Senator backs BBI plan to boost oversight in devolved units

Tuesday, December 10th, 2019 00:00 |
Kiambu Senator Kimani Wamatangi at a past event. Senate Roads committee wants defective ferries grounded until funds are available to procure new ones. Photo/PD/FILE

Kiambu Senator Kimani Wamatangi has endorsed recommendations by the Building Bridges Initiative (BBI) report to have oversight mechanisms in counties reinforced, by among other things strengthening County Assemblies to ensure they independently play their roles.

He said supervision of county spending, investment and employment has been failing at multiple levels in counties leading to massive theft and wastage,  because regional assemblies are not in a position do enough to protect devolution.

Wamatangi, who is a member of the Senate Public Accounts and Investments Committee, said lack of financial autonomy whereby  County Assemblies depend on the Executive for their pay and allowances was greatly to blame for the compromised oversight  by ward reps.

To strengthen the oversight independence of County Assemblies, the report has recommended that the Houses gain autonomy by ensuring they get their funding directly from the Controller of Budget.

End culture

“Assemblies are critical in ensuring county affairs are run in an accountable and transparent manner.

This (amendment) will enable County Assemblies to have the necessary autonomy, and freewill to execute their legislative duties without any hindrances,” Wamatangi said yesterday.

Doubts have always been cast on the ability of assemblies to independently play their oversight roles, with majority of them already grappling with claims of “going to bed” with their respective governors.  

County Assemblies have accused governors of abusing the financial dependence on the Executive to suppress the oversight role by manipulating MCAs using money or intimidating nominated MCAs, most of whom get the jobs with the help of governors.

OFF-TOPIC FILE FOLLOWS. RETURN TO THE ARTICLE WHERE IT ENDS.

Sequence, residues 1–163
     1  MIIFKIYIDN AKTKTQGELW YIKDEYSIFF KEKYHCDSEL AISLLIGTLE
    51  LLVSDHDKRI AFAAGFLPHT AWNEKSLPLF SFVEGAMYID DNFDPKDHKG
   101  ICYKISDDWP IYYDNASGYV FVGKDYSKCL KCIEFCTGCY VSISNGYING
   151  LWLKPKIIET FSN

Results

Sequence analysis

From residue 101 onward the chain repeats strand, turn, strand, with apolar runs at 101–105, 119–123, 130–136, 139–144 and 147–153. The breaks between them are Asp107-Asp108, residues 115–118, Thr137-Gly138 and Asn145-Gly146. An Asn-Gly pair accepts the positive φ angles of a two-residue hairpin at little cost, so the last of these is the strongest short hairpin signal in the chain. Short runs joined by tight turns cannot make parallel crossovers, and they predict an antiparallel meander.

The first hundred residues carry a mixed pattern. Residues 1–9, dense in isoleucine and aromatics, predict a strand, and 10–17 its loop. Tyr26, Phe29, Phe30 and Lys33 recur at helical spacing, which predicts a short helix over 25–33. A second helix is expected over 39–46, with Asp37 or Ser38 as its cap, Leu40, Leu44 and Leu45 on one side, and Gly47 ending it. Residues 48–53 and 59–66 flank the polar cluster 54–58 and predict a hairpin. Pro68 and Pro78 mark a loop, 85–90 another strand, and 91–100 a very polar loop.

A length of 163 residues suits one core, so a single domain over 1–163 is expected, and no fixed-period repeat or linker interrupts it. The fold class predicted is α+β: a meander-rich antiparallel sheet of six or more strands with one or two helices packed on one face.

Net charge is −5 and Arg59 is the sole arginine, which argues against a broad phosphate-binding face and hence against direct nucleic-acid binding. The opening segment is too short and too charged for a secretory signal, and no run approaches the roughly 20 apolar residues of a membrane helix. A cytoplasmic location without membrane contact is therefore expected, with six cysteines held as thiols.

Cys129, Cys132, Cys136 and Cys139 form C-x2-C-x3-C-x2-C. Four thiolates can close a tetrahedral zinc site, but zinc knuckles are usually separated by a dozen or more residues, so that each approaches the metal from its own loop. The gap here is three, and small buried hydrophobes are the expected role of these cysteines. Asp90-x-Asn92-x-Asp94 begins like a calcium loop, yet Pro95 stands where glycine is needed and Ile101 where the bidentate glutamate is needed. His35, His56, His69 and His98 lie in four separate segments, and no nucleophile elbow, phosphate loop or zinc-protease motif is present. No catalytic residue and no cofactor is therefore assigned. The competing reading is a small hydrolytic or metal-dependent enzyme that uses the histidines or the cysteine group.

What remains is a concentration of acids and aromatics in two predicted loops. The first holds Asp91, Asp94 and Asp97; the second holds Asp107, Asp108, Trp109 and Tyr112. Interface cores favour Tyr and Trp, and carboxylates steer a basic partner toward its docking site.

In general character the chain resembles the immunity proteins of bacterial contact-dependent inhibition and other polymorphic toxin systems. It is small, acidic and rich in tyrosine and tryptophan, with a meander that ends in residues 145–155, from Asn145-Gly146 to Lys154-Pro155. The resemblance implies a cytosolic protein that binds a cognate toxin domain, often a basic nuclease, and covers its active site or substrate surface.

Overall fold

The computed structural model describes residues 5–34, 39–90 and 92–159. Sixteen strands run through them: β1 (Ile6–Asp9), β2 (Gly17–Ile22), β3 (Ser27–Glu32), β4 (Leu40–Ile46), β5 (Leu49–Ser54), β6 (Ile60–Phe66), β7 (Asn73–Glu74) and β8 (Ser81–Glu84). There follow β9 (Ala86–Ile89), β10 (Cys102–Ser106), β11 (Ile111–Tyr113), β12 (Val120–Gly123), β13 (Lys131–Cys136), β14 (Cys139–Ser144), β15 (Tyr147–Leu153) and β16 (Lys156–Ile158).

Other than delaying financial disbursements to the counties, governors allegedly “buy” loyalty from MCAs using handouts and bribes, sometimes through local and foreign treats where hefty allowances are paid or deals on awarding of tenders are sealed .  

For the County Assemblies to have teeth which can bite hard, Wamatangi said, there was need to end the culture whereby the Houses have to rely on governors to get their perks, which forces MCAs to turn a blind eye to the messes in counties.

“They need to have their independent way of receiving their allocation because what has been happening is that governors arm-twist the MCAs by denying or delaying the money as a way of fighting back when they have been pinned over accountability issues to ensure MCAs don’t do anything at all,” he said. 

Start projects

During the BBI hearing sessions, citizens said financial autonomy will ensure that transmission and management of Assembly budgets is insulated from arbitrary or politically-motivated interference by executives, who have been abusing the financial dependence by the Assemblies to kill oversight functions.

The team also recommended strengthening of the Office of the Auditor General, which should be devolved to oversee counties’ accounts and to report them in an accessible and straightforward way.

Further, projects initiated in the final year of an electoral cycle should receive extra scrutiny from the Controller of Budget, the County Assembly, the Senate, and all oversight authorities.

Wamatangi said governors who fear losing in a re-election loot by starting new projects to facilitate theft. 

The senator sponsored the Assumption of Office of the Governor Act which compels all governors to be preparing lists of all assets and liabilities in their respective counties, at least 90 days to the elections.

The Assumption of the Office of Governor committee should then authenticate the lists to ensure all assets and bills are documented, and this, the senator said, will make it impossible to loot anything since properties will be in the hands of the committee, and after the election, the new governor will find them intact. 

Safeguard resources

“It will be therefore clear what properties the incoming governor will find, and when leaving office or during an electioneering period, he will also have to give a list and this will ensure that all assets in a county will not fraudulently change hands like it was witnessed in 2013,” said Wamatangi.

He said counties will only be allowed to undertake ongoing projects and to run recurrent expenditure to ensure activities keep running during the period.

 The move, he added, was aimed at safeguarding public resources from possible plundering by county officials and use by governors for campaigns through populist projects.

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